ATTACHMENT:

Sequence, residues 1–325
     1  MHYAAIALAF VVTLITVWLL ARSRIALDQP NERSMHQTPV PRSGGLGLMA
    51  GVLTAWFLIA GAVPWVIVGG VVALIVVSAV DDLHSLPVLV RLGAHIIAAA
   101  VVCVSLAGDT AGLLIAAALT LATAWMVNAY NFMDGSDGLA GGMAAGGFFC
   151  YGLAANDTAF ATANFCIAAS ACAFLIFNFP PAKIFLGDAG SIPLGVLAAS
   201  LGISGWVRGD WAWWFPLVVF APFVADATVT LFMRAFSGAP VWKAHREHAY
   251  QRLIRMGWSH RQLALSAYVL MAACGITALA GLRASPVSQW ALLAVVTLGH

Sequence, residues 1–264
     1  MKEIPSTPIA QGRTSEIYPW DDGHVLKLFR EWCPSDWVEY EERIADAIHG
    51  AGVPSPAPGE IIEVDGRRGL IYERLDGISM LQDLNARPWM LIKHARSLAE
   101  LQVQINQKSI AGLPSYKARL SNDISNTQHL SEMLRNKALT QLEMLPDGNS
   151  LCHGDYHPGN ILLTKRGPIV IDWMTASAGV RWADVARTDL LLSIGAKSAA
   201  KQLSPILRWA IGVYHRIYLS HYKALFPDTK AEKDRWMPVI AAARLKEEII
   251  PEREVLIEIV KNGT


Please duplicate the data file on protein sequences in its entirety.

Sequence, residues 1–325
     1  MHYAAIALAF VVTLITVWLL ARSRIALDQP NERSMHQTPV PRSGGLGLMA
    51  GVLTAWFLIA GAVPWVIVGG VVALIVVSAV DDLHSLPVLV RLGAHIIAAA
   101  VVCVSLAGDT AGLLIAAALT LATAWMVNAY NFMDGSDGLA GGMAAGGFFC
   151  YGLAANDTAF ATANFCIAAS ACAFLIFNFP PAKIFLGDAG SIPLGVLAAS
   201  LGISGWVRGD WAWWFPLVVF APFVADATVT LFMRAFSGAP VWKAHREHAY
   251  QRLIRMGWSH RQLALSAYVL MAACGITALA GLRASPVSQW ALLAVVTLGH

Sequence, residues 1–264
     1  MKEIPSTPIA QGRTSEIYPW DDGHVLKLFR EWCPSDWVEY EERIADAIHG
    51  AGVPSPAPGE IIEVDGRRGL IYERLDGISM LQDLNARPWM LIKHARSLAE
   101  LQVQINQKSI AGLPSYKARL SNDISNTQHL SEMLRNKALT QLEMLPDGNS
   151  LCHGDYHPGN ILLTKRGPIV IDWMTASAGV RWADVARTDL LLSIGAKSAA
   201  KQLSPILRWA IGVYHRIYLS HYKALFPDTK AEKDRWMPVI AAARLKEEII
   251  PEREVLIEIV KNGT